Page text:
What are the bank-specific ratios
Bank-specific ratios such as net interest margin (NIM), provision for credit losses (PCL), and efficiency ratio are unique to the banking industry. Much like companies in other sectors, banks have specific ratios to measure profitability and efficiency to suit unique business operations. Also, since financial strength is especially important for banks, there are also ratios to measure solvency.
Ratios for profitability
1. Net interest margin
The net interest margin measures the difference between the interest income generated and interest expense. Unlike most other companies, a majority of a bank’s income and expenses is created by interest. Since the bank funds a majority of their operations through customer’s deposits, they pay a large amount in interest expense. Also, a large portion of their business involves the lending of money, so a majority of revenue is based on collecting interest on loans.
The formula for the net interest margin (NIM) is:
Net Interest Margin = (Interest Income – Interest Expense) / Total Assets
Ratios for efficiency
1. Efficiency ratio
The efficiency ratio assesses the efficiency of a bank’s operation by dividing non-interest expenses by revenue.
The formula for the efficiency ratio is:
Efficiency Ratio = Non-Interest Expense / Revenue
This ratio does not include interest expense as that is naturally occurring when the deposits within a bank grow. However, non-interest expense such as marketing expense or operational expense can be controlled by a company. A lower efficiency ratio shows that there is less non-interest expense per dollar of revenue.
2. Operating leverage
Operating leverage is another measure of efficiency. It compares the growth of revenue with the growth of non-interest expense.
The formula for the operating leverage is:
Operating Leverage = Growth Rate of Revenue – Growth Rate of Non-Interest Expense
A positive ratio shows that revenue is growing faster than expenses. On the other hand, if the operating leverage ratio is negative, then the bank is accumulating expenses faster than revenue. This suggests inefficiencies in operations.
Ratios for financial strength
1. Liquidity coverage ratio
As the name suggests, the liquidity coverage ratio measures the liquidity of a bank. This particular ratio measures the ability of a bank to meet short term obligations without any inflow of outside cash for 30 days.
The formula for the liquidity coverage ratio is:
Liquidity coverage ratio = High-Quality Liquid Asset Amount / Total Net Cash Flow Amount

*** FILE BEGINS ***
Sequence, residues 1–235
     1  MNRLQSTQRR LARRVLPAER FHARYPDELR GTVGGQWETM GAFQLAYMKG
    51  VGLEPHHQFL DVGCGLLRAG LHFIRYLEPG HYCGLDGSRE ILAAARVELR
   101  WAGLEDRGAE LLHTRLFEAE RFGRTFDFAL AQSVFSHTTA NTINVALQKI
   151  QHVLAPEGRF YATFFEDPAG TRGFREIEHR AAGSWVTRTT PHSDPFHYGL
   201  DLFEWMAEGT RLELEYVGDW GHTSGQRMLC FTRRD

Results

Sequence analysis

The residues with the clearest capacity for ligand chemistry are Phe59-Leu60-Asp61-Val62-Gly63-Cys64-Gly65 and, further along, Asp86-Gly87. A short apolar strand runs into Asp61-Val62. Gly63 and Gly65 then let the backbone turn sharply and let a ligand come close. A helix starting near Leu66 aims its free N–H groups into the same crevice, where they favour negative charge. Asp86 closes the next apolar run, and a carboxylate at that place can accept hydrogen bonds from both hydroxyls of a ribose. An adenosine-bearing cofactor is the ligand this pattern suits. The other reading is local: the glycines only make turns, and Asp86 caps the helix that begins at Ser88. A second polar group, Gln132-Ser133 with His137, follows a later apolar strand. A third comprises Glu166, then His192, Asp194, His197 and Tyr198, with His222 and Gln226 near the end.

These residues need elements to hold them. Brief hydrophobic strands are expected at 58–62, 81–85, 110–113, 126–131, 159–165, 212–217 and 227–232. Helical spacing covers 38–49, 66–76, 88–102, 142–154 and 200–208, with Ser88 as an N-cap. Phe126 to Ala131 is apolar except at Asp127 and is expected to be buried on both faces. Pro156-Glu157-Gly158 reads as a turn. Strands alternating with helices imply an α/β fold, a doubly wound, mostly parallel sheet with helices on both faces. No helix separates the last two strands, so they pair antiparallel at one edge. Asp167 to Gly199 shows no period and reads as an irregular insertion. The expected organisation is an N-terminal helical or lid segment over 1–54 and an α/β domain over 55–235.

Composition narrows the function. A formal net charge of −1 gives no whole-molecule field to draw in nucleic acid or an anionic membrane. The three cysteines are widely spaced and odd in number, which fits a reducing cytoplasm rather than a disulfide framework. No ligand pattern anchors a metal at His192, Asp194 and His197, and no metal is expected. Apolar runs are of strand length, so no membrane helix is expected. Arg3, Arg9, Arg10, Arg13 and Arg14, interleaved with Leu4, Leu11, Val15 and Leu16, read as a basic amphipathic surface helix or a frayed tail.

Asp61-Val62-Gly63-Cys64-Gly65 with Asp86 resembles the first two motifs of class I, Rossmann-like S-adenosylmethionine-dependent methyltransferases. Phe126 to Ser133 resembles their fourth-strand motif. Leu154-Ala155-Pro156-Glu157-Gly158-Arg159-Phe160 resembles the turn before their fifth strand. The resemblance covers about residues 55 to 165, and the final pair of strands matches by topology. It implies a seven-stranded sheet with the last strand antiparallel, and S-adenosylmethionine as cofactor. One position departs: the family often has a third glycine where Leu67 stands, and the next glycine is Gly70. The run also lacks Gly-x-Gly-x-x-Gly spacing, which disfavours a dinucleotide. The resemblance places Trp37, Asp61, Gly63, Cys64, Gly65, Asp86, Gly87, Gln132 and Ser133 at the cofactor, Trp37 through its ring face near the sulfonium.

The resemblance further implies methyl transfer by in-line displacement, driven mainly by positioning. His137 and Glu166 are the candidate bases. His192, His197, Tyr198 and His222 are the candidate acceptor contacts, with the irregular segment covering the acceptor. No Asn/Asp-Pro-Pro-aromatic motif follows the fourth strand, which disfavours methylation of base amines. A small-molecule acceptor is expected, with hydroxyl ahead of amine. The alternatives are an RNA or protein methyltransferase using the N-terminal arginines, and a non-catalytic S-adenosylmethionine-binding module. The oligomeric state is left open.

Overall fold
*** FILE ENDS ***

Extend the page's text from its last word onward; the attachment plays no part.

This period of 30 days was chosen as that is the estimated amount of time it takes for the government to step in and help a bank during a financial crisis. Thus, if a bank is capable of fund cash outflows for 30 days, it would not fall.
2. Leverage Ratio
The leverage ratio measures the ability of a bank to cover its exposures with tier 1 capital. As tier 1 capital is the core capital of a bank, it is also very liquid. This allows it to be converted to cover exposures easily and ensure the solvency of a bank.
The formula for the leverage ratio is:
Leverage Ratio: Tier 1 Capital / Total Assets (Exposure)
3. CET1 ratio
The CET1 ratio is similar to the leverage ratio and measures the ability of a bank to cover its exposures. However, the CET1 ratio is a more stringent measurement as it only considers the common equity tier 1 capital, which is less than the tier 1 capital. Also, for this calculation, the risk of the exposure (asset) is considered as well. A higher risk asset is given a higher weighting of risk, which lowers the CET1 ratio.
The formula for the CET1 ratio is:
CET1 Ratio = Common Equity Tier 1 Capital / Risk Weighted Assets
Other bank-specific ratios
1. Provision for Credit Losses (PCL) Ratio
The provision for credit losses is an amount a bank sets aside to cover loans they believe will not be collectable. By having an amount set aside, the bank is more protected from insolvency. The PCL ratio measures the provision for credit losses as a percentage of net loans and acceptances. This allows for investors or regulators to gauge the riskiness of loans the bank has written in comparison to peers. As risky loans lead to higher PCL and a higher PCL ratio
The formula for provision for credit losses ratio is:
Provision for Credit Losses Ratio = Provision for Credit Losses / Net Loans and Acceptances
Thank you for reading CFI’s article on bank-specific ratios. To keep learning and developing your knowledge as a financial analyst, we recommend these resources: